Successful treatment for macular degeneration in mice paves a new way for expanding the Longevity field with pluripotent stem cell.
Stem cell treatment is feasible, and has been for a while in a growing number of therapies. One type of stem cell, however, has lagged behind the rest. And its delay could be holding back some of the most revolutionary treatments.
Longevity.Technology: Currently not one therapy involving induced pluripotent stem cells (iPS) has been clinically approved. This is because the challenges it presents scientists have been profound. However, the potential for the technology is immense.
The TRL score for this Longevity.Technology domain is currently set at: ‘Principles are demonstrated through experimentation.’
The TRL score for the technology addressed in this article is: ‘Technology refined and ready for initial human trials.’
Complex methods need to be developed to ensure the cells organise correctly in the body, that they are not rejected by the immune system and that they do not become cancerous. These have, for a long time, crippled potential therapies before they can even enter human trials. But, after a recently published study by researchers from the US National Eye Institute, things look a lot less gloomy.
Writing in Science Translational Medicine , they describe their new method for treating advanced dry-age related macular degeneration (AMD) with stem cells. And what’s more — they say it’s ready for human clinical trials.
Recent news surrounding the stem cell market has brought little cheer until now. There is, for example, the report by ProPublica  that the FDA wrote to R3 Stem Cell (a US marketer of untested amniotic stem therapies) cautioning them to desist from advertising therapies without proper scientific evidence . The company had been encouraging patients to apply for unproven treatments for a range of illnesses. Amongst them were dementia, Parkinson’s disease and kidney failure.
The caution around iPS therapies is widely felt in the medical establishment and comes from problems with ensuring that pluripotent cells organise and differentiate correctly, without transforming into unwanted and potentially disruptive factors in the body. This is something some researchers (like Dr Chandan Sen of the Indiana University School of Medicine) are attempting to overcome by skipping the pluripotency stage altogether; instead developing therapies that simply transform one cell type directly into another.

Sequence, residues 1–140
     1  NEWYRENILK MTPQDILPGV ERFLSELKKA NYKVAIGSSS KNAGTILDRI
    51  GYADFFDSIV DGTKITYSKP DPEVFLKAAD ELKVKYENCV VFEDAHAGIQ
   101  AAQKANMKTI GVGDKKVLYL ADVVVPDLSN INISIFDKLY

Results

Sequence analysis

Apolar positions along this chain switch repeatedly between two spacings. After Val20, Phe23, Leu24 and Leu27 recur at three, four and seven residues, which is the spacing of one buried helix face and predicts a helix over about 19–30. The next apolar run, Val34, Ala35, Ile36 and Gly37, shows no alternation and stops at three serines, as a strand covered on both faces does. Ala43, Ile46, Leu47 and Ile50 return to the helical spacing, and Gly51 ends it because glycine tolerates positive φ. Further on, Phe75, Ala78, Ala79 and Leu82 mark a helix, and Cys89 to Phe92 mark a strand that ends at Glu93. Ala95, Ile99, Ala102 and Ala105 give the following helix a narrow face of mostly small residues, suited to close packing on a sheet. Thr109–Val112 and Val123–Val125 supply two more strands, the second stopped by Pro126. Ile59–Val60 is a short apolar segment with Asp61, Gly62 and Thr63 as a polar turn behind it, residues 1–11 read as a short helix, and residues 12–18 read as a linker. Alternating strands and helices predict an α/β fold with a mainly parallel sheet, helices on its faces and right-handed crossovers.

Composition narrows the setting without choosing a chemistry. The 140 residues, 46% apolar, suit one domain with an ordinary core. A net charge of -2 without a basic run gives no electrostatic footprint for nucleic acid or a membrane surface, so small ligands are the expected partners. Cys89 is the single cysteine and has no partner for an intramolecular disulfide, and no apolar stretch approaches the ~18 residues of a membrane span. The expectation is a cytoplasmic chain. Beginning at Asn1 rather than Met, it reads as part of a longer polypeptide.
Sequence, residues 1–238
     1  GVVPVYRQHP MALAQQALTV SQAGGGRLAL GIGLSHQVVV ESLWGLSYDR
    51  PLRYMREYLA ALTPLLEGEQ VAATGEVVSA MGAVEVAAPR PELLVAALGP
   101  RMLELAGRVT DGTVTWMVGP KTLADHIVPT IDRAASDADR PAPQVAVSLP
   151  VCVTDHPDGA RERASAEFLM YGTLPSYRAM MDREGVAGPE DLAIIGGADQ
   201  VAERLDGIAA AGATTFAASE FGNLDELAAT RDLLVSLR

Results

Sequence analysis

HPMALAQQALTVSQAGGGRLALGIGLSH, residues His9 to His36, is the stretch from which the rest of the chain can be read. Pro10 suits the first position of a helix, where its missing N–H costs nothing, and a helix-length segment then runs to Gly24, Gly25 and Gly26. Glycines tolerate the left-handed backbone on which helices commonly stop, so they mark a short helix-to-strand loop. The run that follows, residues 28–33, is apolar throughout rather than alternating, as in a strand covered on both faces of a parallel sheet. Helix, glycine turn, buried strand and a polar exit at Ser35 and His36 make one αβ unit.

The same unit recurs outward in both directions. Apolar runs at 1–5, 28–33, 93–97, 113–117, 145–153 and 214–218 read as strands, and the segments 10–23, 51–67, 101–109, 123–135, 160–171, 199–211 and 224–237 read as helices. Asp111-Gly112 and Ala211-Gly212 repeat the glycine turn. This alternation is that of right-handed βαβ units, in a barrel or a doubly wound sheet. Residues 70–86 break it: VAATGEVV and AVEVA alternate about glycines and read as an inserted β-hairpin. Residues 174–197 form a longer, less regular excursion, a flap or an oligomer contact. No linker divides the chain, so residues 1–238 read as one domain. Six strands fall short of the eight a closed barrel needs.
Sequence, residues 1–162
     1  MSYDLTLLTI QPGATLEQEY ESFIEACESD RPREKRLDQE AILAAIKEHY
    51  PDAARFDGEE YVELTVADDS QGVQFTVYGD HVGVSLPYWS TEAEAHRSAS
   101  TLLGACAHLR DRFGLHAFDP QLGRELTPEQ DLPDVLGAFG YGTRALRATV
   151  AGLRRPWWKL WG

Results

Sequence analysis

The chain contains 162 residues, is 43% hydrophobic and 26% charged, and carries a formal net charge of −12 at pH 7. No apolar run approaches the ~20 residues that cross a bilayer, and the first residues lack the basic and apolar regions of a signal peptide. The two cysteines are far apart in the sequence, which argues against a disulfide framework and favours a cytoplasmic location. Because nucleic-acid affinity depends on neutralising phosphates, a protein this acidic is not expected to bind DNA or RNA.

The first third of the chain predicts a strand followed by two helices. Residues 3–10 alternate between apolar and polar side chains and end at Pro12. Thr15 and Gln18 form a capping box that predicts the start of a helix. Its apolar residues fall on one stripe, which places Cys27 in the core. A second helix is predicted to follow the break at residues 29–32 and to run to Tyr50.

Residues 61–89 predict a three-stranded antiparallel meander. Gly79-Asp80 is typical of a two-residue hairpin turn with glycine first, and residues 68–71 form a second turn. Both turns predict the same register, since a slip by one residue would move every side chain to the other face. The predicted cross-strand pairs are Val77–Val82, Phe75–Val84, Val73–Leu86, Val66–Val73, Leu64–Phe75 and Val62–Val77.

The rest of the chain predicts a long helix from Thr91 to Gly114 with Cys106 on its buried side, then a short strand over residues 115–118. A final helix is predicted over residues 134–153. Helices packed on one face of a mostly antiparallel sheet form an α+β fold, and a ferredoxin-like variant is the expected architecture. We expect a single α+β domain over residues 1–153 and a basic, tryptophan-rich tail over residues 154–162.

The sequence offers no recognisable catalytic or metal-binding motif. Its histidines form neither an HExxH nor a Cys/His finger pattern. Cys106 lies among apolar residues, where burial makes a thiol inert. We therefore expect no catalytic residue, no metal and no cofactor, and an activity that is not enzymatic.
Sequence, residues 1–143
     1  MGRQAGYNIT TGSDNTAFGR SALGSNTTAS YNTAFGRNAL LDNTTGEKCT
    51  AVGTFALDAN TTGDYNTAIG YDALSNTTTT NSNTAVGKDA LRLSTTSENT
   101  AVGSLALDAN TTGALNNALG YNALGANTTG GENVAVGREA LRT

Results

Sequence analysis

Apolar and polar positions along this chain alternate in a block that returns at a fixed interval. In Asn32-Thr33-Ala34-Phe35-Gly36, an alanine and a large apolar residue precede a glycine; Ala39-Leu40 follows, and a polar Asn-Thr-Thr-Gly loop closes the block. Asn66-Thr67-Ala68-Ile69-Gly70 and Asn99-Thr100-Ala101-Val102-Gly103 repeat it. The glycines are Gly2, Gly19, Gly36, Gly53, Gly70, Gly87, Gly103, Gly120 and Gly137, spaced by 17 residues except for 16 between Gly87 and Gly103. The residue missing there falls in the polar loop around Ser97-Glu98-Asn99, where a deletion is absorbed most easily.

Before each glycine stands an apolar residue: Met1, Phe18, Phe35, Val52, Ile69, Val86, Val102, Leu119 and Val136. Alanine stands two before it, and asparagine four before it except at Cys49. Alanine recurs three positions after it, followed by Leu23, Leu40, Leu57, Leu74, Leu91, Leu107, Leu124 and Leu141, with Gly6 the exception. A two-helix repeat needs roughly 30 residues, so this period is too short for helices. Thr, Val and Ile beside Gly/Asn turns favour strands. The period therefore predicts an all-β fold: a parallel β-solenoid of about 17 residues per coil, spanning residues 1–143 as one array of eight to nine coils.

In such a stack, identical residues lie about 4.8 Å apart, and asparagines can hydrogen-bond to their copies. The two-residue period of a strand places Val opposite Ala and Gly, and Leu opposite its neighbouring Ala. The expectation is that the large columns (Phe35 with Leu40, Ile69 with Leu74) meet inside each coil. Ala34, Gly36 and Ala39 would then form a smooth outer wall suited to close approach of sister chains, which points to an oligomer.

But hope for stem cell therapies still exists, and it is being launched forward by the National Eye researchers. Their proposed therapy, which involves injecting specialised stem cells to regenerate damaged retinal epithelial cells found in the eye, has already proven successful in mice and pigs. “If the clinical trial moves forward, it would be the first ever to test a stem cell-based therapy derived from induced pluripotent stem cells (iPSC) for treating a disease,” said lead investigator Kapil Bharti .
How does their therapy work? Targeted at curing AMD, which is a leading cause of vision loss for those aged 65 and over, the therapy takes blood cells from the patient and transforms them in the lab into iPS cells. The iPS cells are then programmed into RPE (retinal pigment epithelial) cells, which are found in the eye and whose death triggers AMD. The researchers then grow the RPE cells in sheets, which are one cell thick, atop a biodegradable scaffold before inserting them in the eye via surgery.
Remarkably, the researchers report, the cells were fully integrated into the eye just ten weeks after surgery and had already begun the process of regenerating its function. The procedure was also found to be safe – tests made after the operation showed that none of the genetic mutations known to promote tumour growth were present.
The ten-week manufacturing process could make the therapy prohibitively expensive for many if it ever reaches the market, the researchers note, but it is nonetheless a very important proof of concept for the field. They have sent an application to the US FDA for approval of the first human trials for any induced pluripotent stem cell therapy.
Bharti insists that theirs could be the first of many in a sea-change transformation for stem cell treatments. “Induced pluripotent stem (iPS) cell technology has been around for over a decade,” he says. “Cell replacement therapies are becoming a reality and in the near future will become a common practice.”